At one time, not that long ago, Albertans had to pay an annual yet very nominal Medical Card fee. That was abolished as a vote-buying scheme by the government of the day. I suggest that such a fee be reinstated and increased to at least $100 per person per year. I would also advocate charging a fee to everyone who attends an emergency ward of a hospital. I think that would go a long way to cut down on visitors to emergency wards who, as I noted above, have turned these wards into their private doctor offices, many times for insignificant medical issues.
When I had my own company, we had a very comprehensive medical/dental plan for our employees. Our plan paid one hundred percent of dental costs. However, I noticed our premiums were increasing rapidly, and I also noticed that many of our employees were getting all their dental work done on our plan and then quitting their jobs As a result, we decided to reduce the dental coverage to eighty percent of the cost and, believe it or not, that solved the problem. Employees would rather have bad teeth than pay twenty percent of the cost to fix them. However, they were more than happy to pay nothing and let others pick up one hundred percent of their tab.
I believe the exact same result would occur if those attending emergency wards in a hospital were called upon to pay a fee of say $50 per attendance. Everyone has a credit card these days, and the fee per emergency room visit could be charged to the patient’s card or to the card of someone accompanying the patient. If no one in the family has a credit card, then service would still be provided but the outstanding fee would be ultimately paid as a precondition to having a, for example, driver’s licence renewed or some other governmental service provided. I strongly believe that the implementation of such a fee would go a long way to solving the emergency room chaos and getting that service back to where it was intended, and that is to provide emergency medical assistance to seriously ill patients.
I think that if my suggestions, noted above, were followed, the medical crisis we are now enduring would, over a relatively short period of time, be well on the way to being solved and Canadian citizens would, once again, be receiving the medical treatment they can rely on and deserve.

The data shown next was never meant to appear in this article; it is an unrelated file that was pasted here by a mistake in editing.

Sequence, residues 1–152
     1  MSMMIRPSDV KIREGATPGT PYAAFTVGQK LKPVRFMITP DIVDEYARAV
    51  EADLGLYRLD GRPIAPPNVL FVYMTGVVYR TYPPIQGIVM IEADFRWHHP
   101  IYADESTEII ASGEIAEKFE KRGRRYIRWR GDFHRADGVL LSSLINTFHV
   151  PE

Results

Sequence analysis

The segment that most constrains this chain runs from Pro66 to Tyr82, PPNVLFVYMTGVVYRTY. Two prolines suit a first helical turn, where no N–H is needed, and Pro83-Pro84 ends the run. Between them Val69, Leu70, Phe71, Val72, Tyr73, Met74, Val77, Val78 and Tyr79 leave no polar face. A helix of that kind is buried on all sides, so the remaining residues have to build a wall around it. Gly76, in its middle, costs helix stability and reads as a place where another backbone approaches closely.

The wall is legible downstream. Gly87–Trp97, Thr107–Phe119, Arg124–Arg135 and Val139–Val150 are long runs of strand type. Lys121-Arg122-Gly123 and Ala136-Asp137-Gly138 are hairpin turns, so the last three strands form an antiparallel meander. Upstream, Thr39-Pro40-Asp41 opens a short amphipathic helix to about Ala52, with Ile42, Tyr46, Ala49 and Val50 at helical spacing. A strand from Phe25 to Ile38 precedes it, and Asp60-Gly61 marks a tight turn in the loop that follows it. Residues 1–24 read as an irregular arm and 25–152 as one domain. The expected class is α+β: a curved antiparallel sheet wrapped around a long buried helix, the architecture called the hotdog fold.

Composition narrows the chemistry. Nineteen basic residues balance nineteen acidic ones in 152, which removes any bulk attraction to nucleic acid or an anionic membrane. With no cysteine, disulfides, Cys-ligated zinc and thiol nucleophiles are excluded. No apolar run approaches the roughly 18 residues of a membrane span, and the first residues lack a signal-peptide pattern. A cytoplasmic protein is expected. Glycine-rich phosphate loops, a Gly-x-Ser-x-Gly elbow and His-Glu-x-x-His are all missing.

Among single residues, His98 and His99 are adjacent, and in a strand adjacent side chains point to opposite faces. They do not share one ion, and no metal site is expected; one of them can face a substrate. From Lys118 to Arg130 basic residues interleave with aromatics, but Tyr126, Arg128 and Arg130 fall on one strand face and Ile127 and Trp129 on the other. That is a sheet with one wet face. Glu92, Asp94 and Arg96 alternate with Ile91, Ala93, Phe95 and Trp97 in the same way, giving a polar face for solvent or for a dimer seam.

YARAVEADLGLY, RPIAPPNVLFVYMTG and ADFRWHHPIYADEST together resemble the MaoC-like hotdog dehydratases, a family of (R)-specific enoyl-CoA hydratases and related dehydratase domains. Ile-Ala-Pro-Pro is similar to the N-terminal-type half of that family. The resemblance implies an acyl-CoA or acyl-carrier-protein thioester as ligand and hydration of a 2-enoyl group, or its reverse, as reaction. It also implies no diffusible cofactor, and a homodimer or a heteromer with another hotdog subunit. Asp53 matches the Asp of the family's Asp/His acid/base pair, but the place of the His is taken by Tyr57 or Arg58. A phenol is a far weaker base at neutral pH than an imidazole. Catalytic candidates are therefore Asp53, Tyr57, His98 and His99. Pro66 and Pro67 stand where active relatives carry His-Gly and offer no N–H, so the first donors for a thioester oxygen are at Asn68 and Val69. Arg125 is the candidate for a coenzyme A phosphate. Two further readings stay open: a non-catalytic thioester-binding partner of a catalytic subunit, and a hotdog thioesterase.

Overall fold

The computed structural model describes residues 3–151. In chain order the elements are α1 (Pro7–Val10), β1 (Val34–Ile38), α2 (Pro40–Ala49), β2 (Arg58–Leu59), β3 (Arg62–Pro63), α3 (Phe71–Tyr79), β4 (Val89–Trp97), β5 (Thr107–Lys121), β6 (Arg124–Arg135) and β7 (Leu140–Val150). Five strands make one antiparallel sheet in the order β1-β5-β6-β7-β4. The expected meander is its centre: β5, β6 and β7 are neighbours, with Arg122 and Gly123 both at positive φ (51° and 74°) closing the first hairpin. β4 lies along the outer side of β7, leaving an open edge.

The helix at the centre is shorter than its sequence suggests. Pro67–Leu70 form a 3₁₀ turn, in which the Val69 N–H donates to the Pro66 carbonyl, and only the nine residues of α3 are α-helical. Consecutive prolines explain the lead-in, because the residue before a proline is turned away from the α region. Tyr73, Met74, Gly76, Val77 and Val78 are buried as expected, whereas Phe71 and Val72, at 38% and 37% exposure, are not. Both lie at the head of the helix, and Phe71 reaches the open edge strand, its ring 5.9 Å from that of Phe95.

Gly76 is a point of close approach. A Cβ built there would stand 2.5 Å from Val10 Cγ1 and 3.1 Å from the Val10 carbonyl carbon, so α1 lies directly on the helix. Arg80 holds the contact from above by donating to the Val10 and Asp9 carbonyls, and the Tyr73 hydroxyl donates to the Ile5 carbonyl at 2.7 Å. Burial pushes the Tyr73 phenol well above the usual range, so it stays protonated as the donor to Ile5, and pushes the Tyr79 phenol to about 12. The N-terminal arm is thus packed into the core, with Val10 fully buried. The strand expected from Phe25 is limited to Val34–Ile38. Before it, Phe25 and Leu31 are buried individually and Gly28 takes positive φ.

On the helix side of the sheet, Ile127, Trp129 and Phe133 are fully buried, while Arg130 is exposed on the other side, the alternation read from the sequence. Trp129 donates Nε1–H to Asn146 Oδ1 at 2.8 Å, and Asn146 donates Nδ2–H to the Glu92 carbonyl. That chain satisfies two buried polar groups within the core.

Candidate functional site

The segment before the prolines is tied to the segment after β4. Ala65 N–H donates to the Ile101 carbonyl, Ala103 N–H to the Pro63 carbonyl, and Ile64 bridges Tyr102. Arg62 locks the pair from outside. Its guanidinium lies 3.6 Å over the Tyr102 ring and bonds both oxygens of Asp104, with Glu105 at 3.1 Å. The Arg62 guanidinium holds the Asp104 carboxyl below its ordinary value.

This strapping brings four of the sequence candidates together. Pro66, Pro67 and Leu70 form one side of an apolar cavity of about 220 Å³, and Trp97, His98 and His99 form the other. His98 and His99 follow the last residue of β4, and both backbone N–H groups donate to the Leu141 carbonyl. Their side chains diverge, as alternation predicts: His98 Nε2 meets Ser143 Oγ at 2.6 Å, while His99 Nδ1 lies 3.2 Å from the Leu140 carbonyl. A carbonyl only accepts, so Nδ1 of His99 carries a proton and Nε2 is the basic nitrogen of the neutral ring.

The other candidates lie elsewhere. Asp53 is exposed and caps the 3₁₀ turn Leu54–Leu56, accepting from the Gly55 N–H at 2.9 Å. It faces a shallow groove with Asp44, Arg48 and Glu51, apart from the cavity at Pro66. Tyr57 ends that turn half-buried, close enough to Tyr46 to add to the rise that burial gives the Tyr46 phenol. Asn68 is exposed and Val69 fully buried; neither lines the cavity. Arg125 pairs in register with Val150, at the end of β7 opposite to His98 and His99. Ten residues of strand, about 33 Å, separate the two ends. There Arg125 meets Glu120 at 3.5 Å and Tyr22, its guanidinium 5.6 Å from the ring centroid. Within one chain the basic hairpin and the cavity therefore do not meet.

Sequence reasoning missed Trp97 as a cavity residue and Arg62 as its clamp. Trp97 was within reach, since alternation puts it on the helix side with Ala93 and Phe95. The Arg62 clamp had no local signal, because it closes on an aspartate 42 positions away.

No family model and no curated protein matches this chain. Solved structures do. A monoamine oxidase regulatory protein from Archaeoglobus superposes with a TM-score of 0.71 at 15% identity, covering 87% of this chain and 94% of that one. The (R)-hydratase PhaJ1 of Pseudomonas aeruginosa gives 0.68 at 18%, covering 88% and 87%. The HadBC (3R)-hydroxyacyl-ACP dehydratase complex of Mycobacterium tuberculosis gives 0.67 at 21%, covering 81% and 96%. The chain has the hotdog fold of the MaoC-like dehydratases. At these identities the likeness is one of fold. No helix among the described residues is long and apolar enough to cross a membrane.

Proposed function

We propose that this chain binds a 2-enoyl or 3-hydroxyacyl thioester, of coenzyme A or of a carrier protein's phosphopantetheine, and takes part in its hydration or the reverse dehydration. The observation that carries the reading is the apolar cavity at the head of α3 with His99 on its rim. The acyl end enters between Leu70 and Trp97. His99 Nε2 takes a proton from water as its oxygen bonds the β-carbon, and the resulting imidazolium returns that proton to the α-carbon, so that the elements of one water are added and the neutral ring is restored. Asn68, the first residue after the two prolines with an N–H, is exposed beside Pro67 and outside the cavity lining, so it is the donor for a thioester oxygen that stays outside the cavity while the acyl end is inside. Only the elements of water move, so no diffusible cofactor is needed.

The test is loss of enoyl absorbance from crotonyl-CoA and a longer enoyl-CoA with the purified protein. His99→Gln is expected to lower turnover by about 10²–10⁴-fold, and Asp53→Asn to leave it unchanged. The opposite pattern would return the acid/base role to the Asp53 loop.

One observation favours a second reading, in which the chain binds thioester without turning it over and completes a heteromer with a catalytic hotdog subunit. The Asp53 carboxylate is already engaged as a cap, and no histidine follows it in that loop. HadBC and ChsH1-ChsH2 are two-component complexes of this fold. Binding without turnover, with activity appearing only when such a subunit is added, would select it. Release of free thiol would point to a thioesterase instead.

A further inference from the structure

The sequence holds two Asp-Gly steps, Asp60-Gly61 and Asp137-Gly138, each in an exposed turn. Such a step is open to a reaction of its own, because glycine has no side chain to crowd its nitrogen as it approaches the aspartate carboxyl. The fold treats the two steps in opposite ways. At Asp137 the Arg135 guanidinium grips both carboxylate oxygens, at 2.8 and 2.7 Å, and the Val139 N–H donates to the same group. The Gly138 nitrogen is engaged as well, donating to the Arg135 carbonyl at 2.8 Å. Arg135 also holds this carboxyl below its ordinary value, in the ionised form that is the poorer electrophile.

Finally, I would lobby the federal government to amend the Canada Health Act to allow private but regulated medical offices to open their doors to competing with our public health care system. In fact, we do have private health providers at the present time, but governments are very selective as to who can provide these privately owned medical services. There are clinics available to private citizens who pay an annual fee to receive “front-of-the-line” medical services. In addition, there are private companies that provide laboratory services and bill the government, and there are diagnostic clinics that provide x-rays and pain-reducing services at no cost to the patient and are paid for by the government. And by the way, the owners of these private health care providers do extraordinarily well financially, with some having cozy relationships with our provincial government.
Stop disparaging wealth, and allow people to access the care they are looking for privately and pay the fees charged. That will, indeed, have the effect of shortening the line for those seeking medical help through the public system. Ideology and political correctness have no place in something as important as maintaining the health of a jurisdiction’s population.
It seems to be universally acknowledged that our present health care system is in crisis and is not working as intended. Are we to just sit back, wring our hands together and voice our complaints about how our health care system has deteriorated, or are we to acknowledge the problems with our universal health care system and at least try solutions that could very well help save a system that is slowly dying.
In summary, my solutions are as follows:
- Amend the Canada Health Act to give provinces more autonomy and allow pay-for-service private health care providers, not just for the politically well-connected but for everyone.
- Re-examine the criteria for admission to medical schools, and require graduates to agree to a minimum period of time to remain actively, full-time, involved in the profession.
- At least for the time being, re-examine Canada’s immigration policy and do away with chain migration until our medical system has had a chance to catch up with the present demands on medical services. Consider charging a fee for medical services, and especially a fee for attendance at our over-worked and under-staffed hospital emergency rooms.
You may not agree with any of my suggestions aimed at saving our medical system, but one thing seems evident: we simply cannot afford to sit back, do nothing, and allow our health care system to implode.